Main Motorcycle: '08 Sprint ST
Join Date: Nov 2009
Location: Sydney, Australia
Other Motorcycle: '06 Daytona 955i
Extra Motorcycle: Husqvarna Terra 650
I don't think the head work made the most HP difference. I suspect it was the TB and exhaust matching work, reinforced by the dyno session. The headwork, as it turned out, was a good idea despite the bike performing very well. I had overheated the bike and it seemed at least a couple of the exhaust valves were not seating correctly.
My advice was that the re-seating of all the valves using a CNC 3-way grind would give a great result in terms of the torque and rideability of the bike, so I guess torque more than anything. Mention was also made of long term reliabilty and fuel efficiency. It was also a chance to inspect all the valves and seals, a couple of which (seals) had to be replaced. I took the opportunity to do some DIY port work. I cleaned up as much of the poor casting marks as I could, and some of it on the exhaust side was pretty bad. I've already mentioned the intake throats but I guess that's mass production for you.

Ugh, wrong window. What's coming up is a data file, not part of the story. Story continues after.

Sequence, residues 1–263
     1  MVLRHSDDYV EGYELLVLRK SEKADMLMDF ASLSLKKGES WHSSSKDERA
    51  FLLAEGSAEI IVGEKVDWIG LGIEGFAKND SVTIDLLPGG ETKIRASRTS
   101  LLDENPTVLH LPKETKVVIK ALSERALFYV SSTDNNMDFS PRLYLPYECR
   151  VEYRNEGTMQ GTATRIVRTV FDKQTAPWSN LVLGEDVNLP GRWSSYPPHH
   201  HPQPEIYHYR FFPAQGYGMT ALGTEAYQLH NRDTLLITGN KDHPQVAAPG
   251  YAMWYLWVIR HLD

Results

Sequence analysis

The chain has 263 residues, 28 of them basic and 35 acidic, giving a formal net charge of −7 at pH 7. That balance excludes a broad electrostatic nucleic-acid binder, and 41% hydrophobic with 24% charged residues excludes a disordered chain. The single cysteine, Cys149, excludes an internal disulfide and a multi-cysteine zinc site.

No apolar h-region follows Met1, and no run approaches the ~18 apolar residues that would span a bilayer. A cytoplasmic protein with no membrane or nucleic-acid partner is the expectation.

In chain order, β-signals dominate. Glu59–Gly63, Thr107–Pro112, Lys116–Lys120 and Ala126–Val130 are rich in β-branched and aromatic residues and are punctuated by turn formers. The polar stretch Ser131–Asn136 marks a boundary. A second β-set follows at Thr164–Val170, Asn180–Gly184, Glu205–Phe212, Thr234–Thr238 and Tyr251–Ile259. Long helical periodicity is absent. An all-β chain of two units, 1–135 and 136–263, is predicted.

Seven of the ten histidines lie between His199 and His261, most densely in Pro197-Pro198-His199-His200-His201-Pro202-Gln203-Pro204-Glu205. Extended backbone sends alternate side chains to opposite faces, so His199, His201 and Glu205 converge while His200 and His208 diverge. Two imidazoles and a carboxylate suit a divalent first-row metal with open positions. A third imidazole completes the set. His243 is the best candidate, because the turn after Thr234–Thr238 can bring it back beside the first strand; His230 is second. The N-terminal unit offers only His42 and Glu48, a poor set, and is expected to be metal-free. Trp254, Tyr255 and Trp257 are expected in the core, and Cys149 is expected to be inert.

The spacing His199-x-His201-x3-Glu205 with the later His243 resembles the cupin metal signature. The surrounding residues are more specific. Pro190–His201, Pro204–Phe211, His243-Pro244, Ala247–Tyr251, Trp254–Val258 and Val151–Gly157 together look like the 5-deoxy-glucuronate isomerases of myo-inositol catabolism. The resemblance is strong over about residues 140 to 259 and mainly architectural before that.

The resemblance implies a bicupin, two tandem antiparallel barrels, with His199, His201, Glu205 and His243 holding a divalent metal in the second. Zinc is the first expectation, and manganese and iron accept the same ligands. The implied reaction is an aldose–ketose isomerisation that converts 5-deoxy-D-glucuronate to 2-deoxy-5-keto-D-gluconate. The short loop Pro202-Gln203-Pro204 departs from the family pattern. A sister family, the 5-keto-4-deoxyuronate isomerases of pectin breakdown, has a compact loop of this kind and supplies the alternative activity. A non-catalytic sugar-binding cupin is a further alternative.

The work was done by a specialist cylinder head guy here in Sydney so I guess that's irrelevent to you. The machining, including refacing the head was about $350 and my mechanic charged me about $400 to strip and reassemble the head and re-shim everytyhing. I did, however, have to re-shim again slightly after torquing the head back on the motor so would probably save the shimming until the end. Just make sure to measure all the shims with a micrometer to check them and have quite a few spare sizes on hand. I made up an excel spreadsheet which really helped me figure out what shims I had and what I needed. Often you can shuffle them around limiting what you have to buy/swap for this job. I'm happy to share it with anyone who wants it just PM me.
I got to have a good look at both the top end and bottom end of the engine. The top end looked brand new. The bottom, ie the crankshaft bearing shells had some minor wear marks but certainly nothing to worry about. I'm expecting this engine will last a long time with reasonablr care. I was advised to try to ascertain which bearings were in there should I ever need to replace them but there were no discerning marks on them at all so I'm not sure how the process would work if you ever needed to order replacements from Triumph.
I know I could probably have thrown all that money at a new bike but I love this bike. It fits me, I love the way it goes, handles, sounds. I now have the bike I love optimized to be as good as it can be. And if I wore it out, I'd re-build it or do it to another one. I now have so much familiarity with these bikes, including the special tools so, I guess, I'm invested. I think it's a good way to be.